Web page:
In the early days the new field later be called psychology took a bumpy road and some strange practices were observed. One in particular was a field called phrenology. Back in the 1700s Franz Joseph Gall a, German physician, developed the field of phrenology.
According to this theory a person’s personality could be determined by the bumps on his/her skull. One thing he found was that humans have a larger cerebral cortex than other animals. He concluded this made humans more intelligent. He then concluded that the physical features of the cortex could be observed on the skull. He felt he could determine the inner features of the cerebral cortex by examining the size and shape of the skull.
He did his preliminary research with pickpockets and he found that they all had bumps on the skull above the ears. He certainly had a big ego because he decided he could determine personality, character and even ability by examining these bumps. Of course this led to the erroneous conclusion that the bumps above the ears determined such negative characteristic such as lying, thievery.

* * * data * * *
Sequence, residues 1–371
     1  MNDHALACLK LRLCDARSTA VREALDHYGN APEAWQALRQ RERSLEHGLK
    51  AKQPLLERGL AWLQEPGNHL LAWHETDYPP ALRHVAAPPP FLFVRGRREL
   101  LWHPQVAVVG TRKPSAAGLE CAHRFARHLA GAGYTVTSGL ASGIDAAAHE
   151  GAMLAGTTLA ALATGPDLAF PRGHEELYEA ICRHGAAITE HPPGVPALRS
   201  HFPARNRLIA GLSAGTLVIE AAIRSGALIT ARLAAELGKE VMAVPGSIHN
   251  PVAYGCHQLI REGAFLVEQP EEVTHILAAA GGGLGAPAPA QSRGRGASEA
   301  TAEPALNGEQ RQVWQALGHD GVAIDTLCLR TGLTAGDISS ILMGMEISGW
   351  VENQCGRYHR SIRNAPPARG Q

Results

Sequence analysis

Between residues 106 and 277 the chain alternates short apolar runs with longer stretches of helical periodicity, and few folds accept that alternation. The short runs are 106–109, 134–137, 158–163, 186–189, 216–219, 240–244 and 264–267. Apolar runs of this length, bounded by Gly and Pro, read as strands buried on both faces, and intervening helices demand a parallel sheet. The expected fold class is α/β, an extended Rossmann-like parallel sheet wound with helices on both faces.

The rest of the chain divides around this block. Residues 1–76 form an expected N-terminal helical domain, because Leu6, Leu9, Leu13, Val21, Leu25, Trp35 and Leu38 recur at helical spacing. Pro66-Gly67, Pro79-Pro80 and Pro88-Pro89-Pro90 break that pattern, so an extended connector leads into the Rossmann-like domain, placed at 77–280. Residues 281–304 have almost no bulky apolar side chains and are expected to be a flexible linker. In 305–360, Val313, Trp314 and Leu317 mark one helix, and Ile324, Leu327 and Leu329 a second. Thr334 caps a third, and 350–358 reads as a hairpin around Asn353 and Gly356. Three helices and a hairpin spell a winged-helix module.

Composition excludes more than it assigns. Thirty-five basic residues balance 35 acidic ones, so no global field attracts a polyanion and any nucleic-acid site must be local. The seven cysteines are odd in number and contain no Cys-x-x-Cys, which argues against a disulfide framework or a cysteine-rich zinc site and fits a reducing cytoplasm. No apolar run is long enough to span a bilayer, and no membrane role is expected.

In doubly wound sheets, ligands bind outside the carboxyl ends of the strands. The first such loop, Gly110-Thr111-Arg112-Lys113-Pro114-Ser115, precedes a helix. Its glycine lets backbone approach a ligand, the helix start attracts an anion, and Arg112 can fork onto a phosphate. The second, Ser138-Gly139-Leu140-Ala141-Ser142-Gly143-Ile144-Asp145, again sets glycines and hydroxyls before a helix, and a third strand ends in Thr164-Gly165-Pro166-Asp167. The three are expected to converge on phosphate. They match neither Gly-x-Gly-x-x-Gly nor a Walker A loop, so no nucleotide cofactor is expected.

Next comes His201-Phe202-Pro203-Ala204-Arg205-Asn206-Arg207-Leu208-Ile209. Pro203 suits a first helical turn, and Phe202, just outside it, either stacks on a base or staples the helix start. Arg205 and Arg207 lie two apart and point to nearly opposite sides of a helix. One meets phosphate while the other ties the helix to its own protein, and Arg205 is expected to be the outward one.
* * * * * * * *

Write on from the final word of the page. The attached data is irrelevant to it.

Kendra Cherry of About.com writes that, “In his book on the subject of phrenology, Gall suggested that:
- Moral and intellectual faculties were innate.
- The exercise or manifestation of these faculties depended upon their organization.
- The brain controlled all of the propensities, sentiments and faculties.
- The brain was composed of as many organs as there are different faculties, propensities and sentiments.
- The form of the skull represented and reflected the form and development of the brain organs.”
Gall based all his findings on his examination of convicts and people in hospitals and insane asylums. This theory was controversial in his own time and considered pseudoscience even back then because of the lack of rigorous research methods. Today we know that phrenology is bogus. However, he did do a lot to advance the new study of psychology.